Kemper Consulting again named to U.S. News “Tier One” Firms

Norfolk, VA – Today Kemper Consulting was again named a “Tier One” firm in the Government Relations Practice area in the U.S. News & World Report and Best Lawyers 2015 “Best Law Firms” rankings. These two publications have issued the law firm rankings for the fifth consecutive year.

Firms included in the 2015 “Best Law Firms” list are recognized for professional excellence with persistently impressive ratings from clients and peers. Achieving a tiered ranking signals a unique combination of quality law practice and breadth of legal expertise.

“For thirty years, U.S. News has provided consumers with accurate, in-depth information and rankings of a wide range of institutions,” says Tim Smart, Executive Editor of U.S. News & World Report. “Law firms are an integral part of our rankings and a natural accompaniment to the law school rankings.”

The 2015 “Best Law Firms” rankings can be seen in their entirety by visiting

Kemper Consulting is a full service government relations firm with offices in Hampton Roads and Richmond. Kemper Consulting provides government relations services to Fortune 500 companies, private corporations, large trade associations, and local governments.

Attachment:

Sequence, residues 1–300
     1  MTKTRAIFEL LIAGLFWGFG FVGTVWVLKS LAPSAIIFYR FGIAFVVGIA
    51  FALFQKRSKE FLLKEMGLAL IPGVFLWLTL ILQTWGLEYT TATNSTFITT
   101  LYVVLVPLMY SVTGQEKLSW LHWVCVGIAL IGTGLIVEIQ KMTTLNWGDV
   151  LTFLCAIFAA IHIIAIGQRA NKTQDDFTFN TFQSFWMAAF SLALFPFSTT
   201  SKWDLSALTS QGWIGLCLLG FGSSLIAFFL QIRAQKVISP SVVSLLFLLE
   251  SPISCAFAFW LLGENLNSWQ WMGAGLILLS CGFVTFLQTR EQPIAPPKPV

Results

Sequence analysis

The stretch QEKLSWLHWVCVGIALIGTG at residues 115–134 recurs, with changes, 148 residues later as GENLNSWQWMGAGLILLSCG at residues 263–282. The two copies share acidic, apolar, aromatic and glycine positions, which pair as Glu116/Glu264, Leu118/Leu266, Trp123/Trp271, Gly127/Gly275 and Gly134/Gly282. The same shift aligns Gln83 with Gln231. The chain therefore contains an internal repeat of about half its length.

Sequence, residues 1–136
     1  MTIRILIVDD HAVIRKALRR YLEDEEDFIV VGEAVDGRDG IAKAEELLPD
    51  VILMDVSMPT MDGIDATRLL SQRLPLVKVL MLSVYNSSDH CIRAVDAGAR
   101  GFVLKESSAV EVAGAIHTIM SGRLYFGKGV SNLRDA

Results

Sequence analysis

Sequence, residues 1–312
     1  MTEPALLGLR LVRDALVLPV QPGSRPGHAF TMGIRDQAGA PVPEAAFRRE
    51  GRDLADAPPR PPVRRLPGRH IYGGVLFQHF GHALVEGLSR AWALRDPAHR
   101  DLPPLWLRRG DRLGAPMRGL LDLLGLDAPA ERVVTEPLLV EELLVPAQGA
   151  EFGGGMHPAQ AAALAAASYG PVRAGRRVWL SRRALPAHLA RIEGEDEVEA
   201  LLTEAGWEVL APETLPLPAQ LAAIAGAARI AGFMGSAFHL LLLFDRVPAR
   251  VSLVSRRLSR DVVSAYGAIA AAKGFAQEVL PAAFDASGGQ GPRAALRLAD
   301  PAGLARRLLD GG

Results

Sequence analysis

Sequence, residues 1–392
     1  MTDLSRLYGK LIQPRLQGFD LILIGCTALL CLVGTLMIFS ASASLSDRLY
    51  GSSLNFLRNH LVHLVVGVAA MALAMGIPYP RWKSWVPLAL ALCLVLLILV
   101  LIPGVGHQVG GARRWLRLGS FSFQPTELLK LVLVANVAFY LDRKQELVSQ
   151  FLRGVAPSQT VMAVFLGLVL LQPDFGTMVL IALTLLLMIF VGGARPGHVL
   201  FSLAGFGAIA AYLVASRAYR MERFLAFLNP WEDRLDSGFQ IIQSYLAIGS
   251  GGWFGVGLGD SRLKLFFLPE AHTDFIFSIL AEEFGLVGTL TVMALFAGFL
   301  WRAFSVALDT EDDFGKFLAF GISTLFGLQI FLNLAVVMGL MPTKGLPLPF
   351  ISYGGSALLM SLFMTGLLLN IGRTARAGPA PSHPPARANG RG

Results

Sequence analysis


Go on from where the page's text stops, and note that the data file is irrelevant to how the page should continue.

Virginia October Revenue Report

On Thursday October 16, the Senate Finance Committee met and heard two presentations regarding Virginia’s current budget. First, Secretary of Finance, Ric Brown, shared the full details of the September revenue report. While he expressed caution September’s revenues were strong, showing a 5.3% increase from FY14. On a year-to-date basis, total revenues increased 6.7%, ahead of the revised annual forecast of 2.9%. The original annual forecast was set at 5.4%. 

Historically YTD revenues through September represent 23.2% of the fiscal year’s total revenues. Secretary Brown indicated that while these numbers are good, we still have a long way to go when it comes to revenue collections. In relation to the current forecast, YTD revenues for FY15 account for 23.5% of the total revenues, slightly ahead of the historical average.

Next, Department of Planning and Budget Director, Daniel Timberlake, shared the details of Governor McAuliffe’s proposed actions to address the current revenue shortfall in FY15, a total of $345.5 million. Announced yesterday, the top ten agencies account for 74% of the total spending reductions of $92.4 million. Toping the list are the Department of Corrections and the State Police. Included in the reductions are 565 layoffs, 90% of which are in the Department of Corrections. Higher education is required to cut $45 million a year and local governments must cut $30 million a year.

The Department of Alcohol Beverage Control has been asked to generate additional revenue of $2.5 million, likely through a mark-up of state liquor sales. Entirely spared from cuts, K-12 education.

We will continue to update you as things develop.

September 18 Special Session

This afternoon and evening in Richmond, the House and Senate adopted legislation, HB 5010, encompassing the budget agreement agreed to by Governor Terry McAuliffe and senior legislators.